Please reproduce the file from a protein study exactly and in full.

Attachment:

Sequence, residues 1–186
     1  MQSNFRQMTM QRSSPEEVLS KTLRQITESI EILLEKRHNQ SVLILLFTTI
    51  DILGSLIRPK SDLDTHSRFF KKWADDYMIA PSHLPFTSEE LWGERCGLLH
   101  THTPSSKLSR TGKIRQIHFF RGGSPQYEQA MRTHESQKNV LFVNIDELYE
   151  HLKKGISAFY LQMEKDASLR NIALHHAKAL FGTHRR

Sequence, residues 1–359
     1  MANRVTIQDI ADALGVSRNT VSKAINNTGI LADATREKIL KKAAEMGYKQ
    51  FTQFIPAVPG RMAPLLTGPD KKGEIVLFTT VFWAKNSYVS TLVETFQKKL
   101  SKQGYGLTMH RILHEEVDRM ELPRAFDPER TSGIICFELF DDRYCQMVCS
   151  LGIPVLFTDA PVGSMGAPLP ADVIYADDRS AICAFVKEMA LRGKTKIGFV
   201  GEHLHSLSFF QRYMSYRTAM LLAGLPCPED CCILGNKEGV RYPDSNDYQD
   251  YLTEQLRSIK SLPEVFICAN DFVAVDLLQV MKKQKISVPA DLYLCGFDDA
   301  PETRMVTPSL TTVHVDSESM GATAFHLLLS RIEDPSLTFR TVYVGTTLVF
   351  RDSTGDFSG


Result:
Sequence, residues 1–186
     1  MQSNFRQMTM QRSSPEEVLS KTLRQITESI EILLEKRHNQ SVLILLFTTI
    51  DILGSLIRPK SDLDTHSRFF KKWADDYMIA PSHLPFTSEE LWGERCGLLH
   101  THTPSSKLSR TGKIRQIHFF RGGSPQYEQA MRTHESQKNV LFVNIDELYE
   151  HLKKGISAFY LQMEKDASLR NIALHHAKAL FGTHRR

Sequence, residues 1–359
     1  MANRVTIQDI ADALGVSRNT VSKAINNTGI LADATREKIL KKAAEMGYKQ
    51  FTQFIPAVPG RMAPLLTGPD KKGEIVLFTT VFWAKNSYVS TLVETFQKKL
   101  SKQGYGLTMH RILHEEVDRM ELPRAFDPER TSGIICFELF DDRYCQMVCS
   151  LGIPVLFTDA PVGSMGAPLP ADVIYADDRS AICAFVKEMA LRGKTKIGFV
   201  GEHLHSLSFF QRYMSYRTAM LLAGLPCPED CCILGNKEGV RYPDSNDYQD
   251  YLTEQLRSIK SLPEVFICAN DFVAVDLLQV MKKQKISVPA DLYLCGFDDA
   301  PETRMVTPSL TTVHVDSESM GATAFHLLLS RIEDPSLTFR TVYVGTTLVF
   351  RDSTGDFSG